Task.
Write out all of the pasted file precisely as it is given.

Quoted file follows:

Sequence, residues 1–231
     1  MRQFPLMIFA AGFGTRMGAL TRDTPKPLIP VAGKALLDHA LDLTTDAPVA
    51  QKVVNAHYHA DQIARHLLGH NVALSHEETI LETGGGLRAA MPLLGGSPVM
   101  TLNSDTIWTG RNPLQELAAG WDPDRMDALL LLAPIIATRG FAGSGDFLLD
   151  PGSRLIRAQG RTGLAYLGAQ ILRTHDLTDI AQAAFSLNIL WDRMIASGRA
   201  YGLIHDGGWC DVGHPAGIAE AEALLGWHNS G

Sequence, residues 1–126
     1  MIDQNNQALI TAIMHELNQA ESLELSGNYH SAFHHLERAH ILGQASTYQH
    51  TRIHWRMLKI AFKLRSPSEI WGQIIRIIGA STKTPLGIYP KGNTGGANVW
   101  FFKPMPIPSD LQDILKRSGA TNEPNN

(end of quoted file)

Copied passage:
Sequence, residues 1–231
     1  MRQFPLMIFA AGFGTRMGAL TRDTPKPLIP VAGKALLDHA LDLTTDAPVA
    51  QKVVNAHYHA DQIARHLLGH NVALSHEETI LETGGGLRAA MPLLGGSPVM
   101  TLNSDTIWTG RNPLQELAAG WDPDRMDALL LLAPIIATRG FAGSGDFLLD
   151  PGSRLIRAQG RTGLAYLGAQ ILRTHDLTDI AQAAFSLNIL WDRMIASGRA
   201  YGLIHDGGWC DVGHPAGIAE AEALLGWHNS G

Sequence, residues 1–126
     1  MIDQNNQALI TAIMHELNQA ESLELSGNYH SAFHHLERAH ILGQASTYQH
    51  TRIHWRMLKI AFKLRSPSEI WGQIIRIIGA STKTPLGIYP KGNTGGANVW
   101  FFKPMPIPSD LQDILKRSGA TNEPNN